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Free Community College? Here's How That Might Work In Oregon


Many in Oregon likely sat up and listened last month when President Barack Obama announced in his State of the Union address that he would send Congress a plan to lower the cost of community college to zero.

But whether federal help eventually materializes or not, some Oregon lawmakers are pushing to make community college more affordable for everyone in the state.

Anita Magana, a Portland Community College student, said she is happy to hear that help could be on the way.

“I am really enthusiastic about Obama’s drive to really help students, especially helping students decrease the student debt,” Magana said. “I have to rely on scholarships, or just try to scrape by. But then, now, as a parent, money’s quite tight. My husband works three jobs. We have to rely on financial aid to cover my son’s daycare, so I can actually be in school.”

Oregon can’t wait for Obama to get something through Congress, said Mark Hass, chairman of  Oregon’s senate education committee.

“Training is required for medical assistants, welders, car mechanics, just about anyone. So, for a growing and bulging population of young people in this state, that training is just a little bit out of reach, financially,” he said.

Hass has a plan geared toward what he calls Oregon’s “idle youth.”

“There’s about 70,000 people from 16 to 24 in Oregon in that category,” he said. “If we can get that population the opportunity at least to become a medical assistant or a welder, they would have a pathway to the middle class that doesn’t exist today.”

The $20 million in Hass’ plan would be a boon for students at schools like Portland’s Franklin High. Franklin school counselor Alice Headley says some high schoolers get tired of school — and just want to get a job, maybe as a car mechanic.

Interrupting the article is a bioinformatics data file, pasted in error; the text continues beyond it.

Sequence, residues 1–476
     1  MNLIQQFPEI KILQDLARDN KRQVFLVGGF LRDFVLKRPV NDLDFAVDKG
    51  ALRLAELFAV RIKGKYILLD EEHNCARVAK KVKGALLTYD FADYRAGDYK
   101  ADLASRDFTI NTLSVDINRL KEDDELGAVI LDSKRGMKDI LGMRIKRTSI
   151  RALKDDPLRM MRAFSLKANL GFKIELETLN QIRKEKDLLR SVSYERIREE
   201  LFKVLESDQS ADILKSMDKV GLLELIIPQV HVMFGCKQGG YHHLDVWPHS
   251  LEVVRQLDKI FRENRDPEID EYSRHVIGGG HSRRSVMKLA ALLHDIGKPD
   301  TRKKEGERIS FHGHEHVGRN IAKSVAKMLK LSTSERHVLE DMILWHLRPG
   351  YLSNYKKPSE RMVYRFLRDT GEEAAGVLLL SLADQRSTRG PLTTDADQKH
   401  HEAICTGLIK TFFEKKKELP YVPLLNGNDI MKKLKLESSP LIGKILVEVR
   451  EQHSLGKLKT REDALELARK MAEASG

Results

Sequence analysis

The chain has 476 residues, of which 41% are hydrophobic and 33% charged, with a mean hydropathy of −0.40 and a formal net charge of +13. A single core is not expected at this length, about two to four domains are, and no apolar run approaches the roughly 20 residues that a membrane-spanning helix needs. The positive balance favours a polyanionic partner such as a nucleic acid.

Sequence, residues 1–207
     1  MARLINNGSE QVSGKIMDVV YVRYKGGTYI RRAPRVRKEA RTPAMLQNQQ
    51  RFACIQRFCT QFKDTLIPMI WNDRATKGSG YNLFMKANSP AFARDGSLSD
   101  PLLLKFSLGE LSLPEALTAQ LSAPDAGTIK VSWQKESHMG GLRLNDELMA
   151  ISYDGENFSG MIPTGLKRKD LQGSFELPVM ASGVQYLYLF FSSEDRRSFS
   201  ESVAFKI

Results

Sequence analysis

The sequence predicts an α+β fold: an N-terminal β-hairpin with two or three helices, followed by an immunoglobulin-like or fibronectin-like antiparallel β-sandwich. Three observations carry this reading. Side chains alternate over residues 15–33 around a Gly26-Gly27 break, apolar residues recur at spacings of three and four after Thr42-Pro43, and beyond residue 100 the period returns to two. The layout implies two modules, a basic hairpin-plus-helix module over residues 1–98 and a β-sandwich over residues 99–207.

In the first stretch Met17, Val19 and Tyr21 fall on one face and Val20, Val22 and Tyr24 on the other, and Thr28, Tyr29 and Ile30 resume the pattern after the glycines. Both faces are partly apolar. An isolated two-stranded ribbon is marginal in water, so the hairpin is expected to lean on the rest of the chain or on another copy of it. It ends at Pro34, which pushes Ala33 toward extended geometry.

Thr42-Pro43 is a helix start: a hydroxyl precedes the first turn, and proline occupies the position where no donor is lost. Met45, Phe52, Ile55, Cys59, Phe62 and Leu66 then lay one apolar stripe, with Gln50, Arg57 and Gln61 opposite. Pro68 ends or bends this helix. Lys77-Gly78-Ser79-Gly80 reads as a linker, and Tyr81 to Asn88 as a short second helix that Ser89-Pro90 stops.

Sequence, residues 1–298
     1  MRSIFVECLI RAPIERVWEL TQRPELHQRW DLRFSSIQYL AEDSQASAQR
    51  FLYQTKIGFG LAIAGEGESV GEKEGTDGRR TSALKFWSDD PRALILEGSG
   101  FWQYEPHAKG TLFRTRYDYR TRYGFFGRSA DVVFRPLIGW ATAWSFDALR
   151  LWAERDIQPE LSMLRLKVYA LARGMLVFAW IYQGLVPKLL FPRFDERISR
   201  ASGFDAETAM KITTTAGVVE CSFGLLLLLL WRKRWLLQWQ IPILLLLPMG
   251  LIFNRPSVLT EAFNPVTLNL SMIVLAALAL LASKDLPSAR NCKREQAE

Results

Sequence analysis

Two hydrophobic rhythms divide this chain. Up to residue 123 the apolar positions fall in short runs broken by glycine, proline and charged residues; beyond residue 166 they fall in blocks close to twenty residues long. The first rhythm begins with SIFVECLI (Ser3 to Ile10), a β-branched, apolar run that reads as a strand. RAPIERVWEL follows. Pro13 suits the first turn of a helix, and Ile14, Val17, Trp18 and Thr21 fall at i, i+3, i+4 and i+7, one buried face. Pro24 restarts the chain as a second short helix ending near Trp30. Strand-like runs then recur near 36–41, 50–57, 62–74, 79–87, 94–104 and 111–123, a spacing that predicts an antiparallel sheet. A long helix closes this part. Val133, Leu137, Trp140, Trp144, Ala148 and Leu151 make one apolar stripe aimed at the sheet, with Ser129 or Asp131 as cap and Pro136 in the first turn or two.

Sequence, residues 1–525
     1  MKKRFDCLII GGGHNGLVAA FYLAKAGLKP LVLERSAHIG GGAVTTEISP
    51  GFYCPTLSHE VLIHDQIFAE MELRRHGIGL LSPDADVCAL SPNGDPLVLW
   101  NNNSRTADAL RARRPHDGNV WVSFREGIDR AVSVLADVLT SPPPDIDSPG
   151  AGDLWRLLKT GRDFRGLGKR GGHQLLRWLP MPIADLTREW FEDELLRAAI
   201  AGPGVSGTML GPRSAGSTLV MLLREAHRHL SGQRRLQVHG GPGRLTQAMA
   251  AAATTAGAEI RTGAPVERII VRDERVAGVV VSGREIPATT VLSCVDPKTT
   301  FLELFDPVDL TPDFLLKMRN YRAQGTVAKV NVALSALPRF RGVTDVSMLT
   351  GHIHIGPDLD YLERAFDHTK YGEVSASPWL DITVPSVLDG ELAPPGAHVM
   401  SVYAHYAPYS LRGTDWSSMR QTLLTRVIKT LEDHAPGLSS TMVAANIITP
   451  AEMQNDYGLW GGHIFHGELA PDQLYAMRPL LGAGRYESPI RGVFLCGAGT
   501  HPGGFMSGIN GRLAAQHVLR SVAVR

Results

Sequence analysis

Headley lays it out this way: “You’re like, ‘It’s just not my thing.’ You go work at Jiffy Lube, and you’re making $9 an hour. The next year, you make $9.05. The next year, $9.10. Versus, ‘I’m going to invest in myself now, do the program, and then in two years, I have all these certificates, and I’m making $35,000 a year, and I’m able to support my family, and I have an ability to move up, rather than, ‘I’m just stuck chasing my own tail.’”

Headley’s colleague at Franklin, Holly Vaughn-Edmonds, said 60 percent of students there go on to community college.

“And of those 60, a high percentage of them tell us, ‘My family can’t pay anything, I’m on my own,’” Vaughn-Edmonds said.

Hass would cut that contribution to a $50 copay. Students would have to keep their grades up and stay out of trouble. Hass says it’s not for really low-income students who qualify for government grants.

“This will help the middle class and lower middle class, and I make no apologies for trying to help middle class families get their kids into college,” Hass said.

But it’s not a plan for older, middle class Oregonians interested in going back to college themselves.

“To keep these costs low for the state, we did have to put a restriction on it,” Hass said. “It’ll be open to those two years after they graduate.”

At 31, Anita Magana wouldn’t qualify. And neither would many of her classmates.

“I look at the graduating class for my program and over 50 percent are in their 30s,” Magana said.

The idea of free community college rubs some university leaders the wrong way.

“I understand why the president is excited about it, and some legislators. But you know what? I resent the idea that because you’re poor, you shouldn’t start at a four-year college,” Oregon State president, Ed Ray, said at a recent reception. “I don’t think that’s right.”

Hass says Ray is just defending his institution’s bottom line.

“They fear they’re going to lose their low-cost, high-income students,” Hass said.

Hass actually agrees with the program Ed Ray prefers — a grant program for low-income students — but said that has its limits, too.

Copyright 2015, Oregon Public Broadcasting